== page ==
Closing In On The Bottom?

by Nathan Allen on

taking an exam

For over five years, law school critics and advocates alike have been wondering when enrollment and application declines might bottom-out. Spoiler: It’s not this year. But it’s getting closer. The American Bar Association recently released its enrollment report for the most recent class from its 205 accredited law schools. Not surprisingly, based on application amounts, total enrollment dropped yet again to about 113,900.

The good news is, it was only a 5% drop, or about 6,000 fewer law students. The better news? First year enrollment was only 2.2% less than last year. And here’s the best news yet: a whopping 97 schools reported the same or increased first-year enrollment compared to 69 schools reporting the same last year. Only 107 schools reported decreased enrollment, compared to 127 last year.

This year’s 37,058 1Ls, down from 37,894 last year, marks a near 30% decline since the 2010 watermark when 1L enrollment was 52,488. “This is smallest decrease in a while and it seems also like we’ve reached the bottom of the trough,” professor Alfred Brophy of University of North Carolina School of Law told the National Law Journal. Further backing of Brophy’s claim came last week, when the Law School Admission Council announced a 3.4% increase in applications for the entering 2016 class compared to the entering 2015 class at this point last year.

“I thought we might get down to 35,000 first-years before we started turning around. It’s not as bad as I would have expected,” Brophy added.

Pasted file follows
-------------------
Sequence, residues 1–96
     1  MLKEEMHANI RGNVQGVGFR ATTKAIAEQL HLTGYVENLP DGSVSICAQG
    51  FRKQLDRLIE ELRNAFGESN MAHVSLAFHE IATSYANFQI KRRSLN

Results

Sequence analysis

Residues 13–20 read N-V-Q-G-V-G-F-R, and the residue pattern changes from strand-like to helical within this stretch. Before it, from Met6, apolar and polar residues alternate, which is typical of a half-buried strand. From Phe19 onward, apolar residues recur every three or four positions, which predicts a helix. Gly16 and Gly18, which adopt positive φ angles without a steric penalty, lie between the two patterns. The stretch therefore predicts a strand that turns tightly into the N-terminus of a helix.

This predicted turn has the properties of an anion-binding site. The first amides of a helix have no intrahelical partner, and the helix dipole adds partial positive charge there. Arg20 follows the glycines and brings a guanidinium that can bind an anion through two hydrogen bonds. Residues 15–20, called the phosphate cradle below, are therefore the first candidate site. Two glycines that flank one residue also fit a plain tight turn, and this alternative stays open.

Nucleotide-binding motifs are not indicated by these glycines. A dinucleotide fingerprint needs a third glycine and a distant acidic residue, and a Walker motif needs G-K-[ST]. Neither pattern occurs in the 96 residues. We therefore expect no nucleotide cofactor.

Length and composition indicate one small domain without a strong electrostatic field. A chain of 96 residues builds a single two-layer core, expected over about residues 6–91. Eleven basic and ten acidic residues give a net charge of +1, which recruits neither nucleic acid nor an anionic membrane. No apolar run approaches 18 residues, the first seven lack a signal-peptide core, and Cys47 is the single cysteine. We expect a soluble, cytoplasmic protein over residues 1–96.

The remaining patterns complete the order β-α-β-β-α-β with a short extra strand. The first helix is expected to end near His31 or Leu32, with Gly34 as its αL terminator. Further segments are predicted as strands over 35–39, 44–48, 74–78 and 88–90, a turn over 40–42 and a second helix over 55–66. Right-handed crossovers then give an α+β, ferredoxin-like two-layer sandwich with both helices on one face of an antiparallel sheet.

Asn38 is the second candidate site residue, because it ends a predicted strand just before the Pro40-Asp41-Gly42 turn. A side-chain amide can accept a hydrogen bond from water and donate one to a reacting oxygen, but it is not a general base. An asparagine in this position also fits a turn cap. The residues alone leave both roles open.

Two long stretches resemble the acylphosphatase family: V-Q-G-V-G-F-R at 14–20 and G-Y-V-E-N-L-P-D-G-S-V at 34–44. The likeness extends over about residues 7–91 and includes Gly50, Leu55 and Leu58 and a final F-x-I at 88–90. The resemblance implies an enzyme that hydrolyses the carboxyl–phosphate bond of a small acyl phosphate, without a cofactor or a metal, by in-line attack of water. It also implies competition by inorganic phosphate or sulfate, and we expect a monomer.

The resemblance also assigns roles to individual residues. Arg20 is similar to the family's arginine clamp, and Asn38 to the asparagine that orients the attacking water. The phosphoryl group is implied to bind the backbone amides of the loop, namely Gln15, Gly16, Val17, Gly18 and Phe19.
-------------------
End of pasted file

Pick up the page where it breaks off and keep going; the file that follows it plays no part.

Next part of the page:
While law school admissions might be hitting the bottom of the barrel in terms of quantity, it might not be there for quality.

“More strong students left the applicant pool and more weak students joined it,” Bernie Burk, a visiting assistant professor at Campbell University Norman Adrian Wiggins School of Law, told the National Law Journal. “We still have yet to see the effect of the last three years of admissions decisions” for current students’ graduation, employment and bar-passage rates,” Burk continued.

Burk, of course, is referring to the continual drop in median LSAT scores and GPAs of incoming students and decreases in bar passage rates. If quality of students begins to increase with applications, it’s logical to see a surge in declining bar passage rates in the next three or so years. Let’s hope so.

Source: National Law Journal

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